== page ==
The city council of Shawano, Wisconsin, recently passed an ordinance that will allow the city to fine parents whose children are caught exhibiting “bullying behavior.”

Via Fox59 Indianapolis:

Under the new ordinance, parents will be warned if police determine their child bullied another child. Parents have 90 days to address their child’s behavior. If their child continues to exhibit bullying behavior, the parents will be issued a $366 fine. If the child receives another bullying offense, parents will be fined $681.

The anti-bullying ordinance prohibits bullying or harassment of any kind, including cyber-bullying. The ordinance applies to anyone under the age of 18.

Shawano’s ordinance passed days after an 18-year-old Wisconsin student was shot by police after he opened fire at a high school prom event in Antigo. The gunman, who reportedly was a victim of bullying, later died at an area hospital.

From what I can tell, there are no national statistics on the number of cities that have passed similar ordinances. However, the Associated Press reports that Shawano is the third city in Wisconsin to pass such an ordinance, which indicates that holding parents responsible for schoolyard bullying might soon be the anti-bully trend.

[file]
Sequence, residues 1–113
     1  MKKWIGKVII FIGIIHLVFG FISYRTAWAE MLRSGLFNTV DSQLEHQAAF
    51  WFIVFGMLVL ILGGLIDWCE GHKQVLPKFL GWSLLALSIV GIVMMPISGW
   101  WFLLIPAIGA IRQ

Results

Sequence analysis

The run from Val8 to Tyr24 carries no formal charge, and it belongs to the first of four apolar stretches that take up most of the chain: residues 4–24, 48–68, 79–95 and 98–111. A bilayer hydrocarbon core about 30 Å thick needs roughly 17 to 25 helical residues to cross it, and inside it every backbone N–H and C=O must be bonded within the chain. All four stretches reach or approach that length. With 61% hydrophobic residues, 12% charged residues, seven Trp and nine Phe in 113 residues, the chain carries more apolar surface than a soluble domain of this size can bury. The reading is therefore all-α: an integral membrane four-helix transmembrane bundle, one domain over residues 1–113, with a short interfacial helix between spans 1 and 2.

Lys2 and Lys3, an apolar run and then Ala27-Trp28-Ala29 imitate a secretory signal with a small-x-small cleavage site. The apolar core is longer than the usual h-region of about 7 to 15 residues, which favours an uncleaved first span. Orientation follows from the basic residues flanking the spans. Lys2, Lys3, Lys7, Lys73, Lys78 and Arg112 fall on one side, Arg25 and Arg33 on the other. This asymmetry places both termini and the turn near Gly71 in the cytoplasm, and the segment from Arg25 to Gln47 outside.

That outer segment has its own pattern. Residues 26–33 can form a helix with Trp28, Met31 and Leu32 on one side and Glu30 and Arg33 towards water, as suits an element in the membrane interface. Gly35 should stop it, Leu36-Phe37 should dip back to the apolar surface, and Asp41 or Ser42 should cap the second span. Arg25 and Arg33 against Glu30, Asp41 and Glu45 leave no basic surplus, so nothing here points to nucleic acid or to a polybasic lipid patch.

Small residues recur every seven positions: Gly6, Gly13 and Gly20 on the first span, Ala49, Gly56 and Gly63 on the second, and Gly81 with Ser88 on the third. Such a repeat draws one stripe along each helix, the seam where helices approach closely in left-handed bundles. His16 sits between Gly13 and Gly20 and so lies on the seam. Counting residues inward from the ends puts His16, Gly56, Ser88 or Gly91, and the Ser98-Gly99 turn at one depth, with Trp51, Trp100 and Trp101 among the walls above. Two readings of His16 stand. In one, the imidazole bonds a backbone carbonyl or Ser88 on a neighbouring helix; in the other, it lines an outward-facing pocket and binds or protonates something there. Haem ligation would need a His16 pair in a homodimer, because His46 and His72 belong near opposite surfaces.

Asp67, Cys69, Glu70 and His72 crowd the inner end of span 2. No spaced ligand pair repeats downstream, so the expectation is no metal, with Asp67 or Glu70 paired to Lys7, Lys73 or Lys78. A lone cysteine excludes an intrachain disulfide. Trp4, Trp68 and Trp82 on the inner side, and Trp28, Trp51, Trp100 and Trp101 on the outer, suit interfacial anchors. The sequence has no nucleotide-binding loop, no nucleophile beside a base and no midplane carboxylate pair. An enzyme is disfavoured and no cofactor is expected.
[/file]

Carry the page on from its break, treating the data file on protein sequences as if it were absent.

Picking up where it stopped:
The anti-bullying movement has been building momentum the last decade. Why?

One reason, perhaps, is the advent of social media and ubiquity of video, which brings an episode like this into our living rooms.

The clip, taken at a school in Scotland, was posted by a UK news agency. At once graphic, sensational, and sickening, videos such as these have served as ammunition for those who wish to attempt to legislate bullying out of schools.  

Most people would agree that hearing about bullying and watching it happen are very different experiences. When we hear about a bullying event, we tend to use our reason and say, Bullying is wrong and should be punished. But it will always be with us.

Watching bullying happen makes us angry; we want to hold people accountable. Now!

I think most people would agree that bullying should be discouraged and bullies should be punished. The problem is that bullying can be difficult to define.

Evidence also suggests that prohibiting children from resolving their own conflicts has a social cost, what one psychologist has described as children raised in states of “moral dependency.”   

What do you think? Will fining parents whose children have been accused of bullying be the new trend? If so, will it prove an effective strategy? Or will it result in a wave of finger-pointing, bureaucracy, and red tape? 

Jon Miltimore is the Senior Editor of Intellectual Takeout.  He is the former Senior Editor of The History Channel Magazine and a former Managing Editor at Scout Media.

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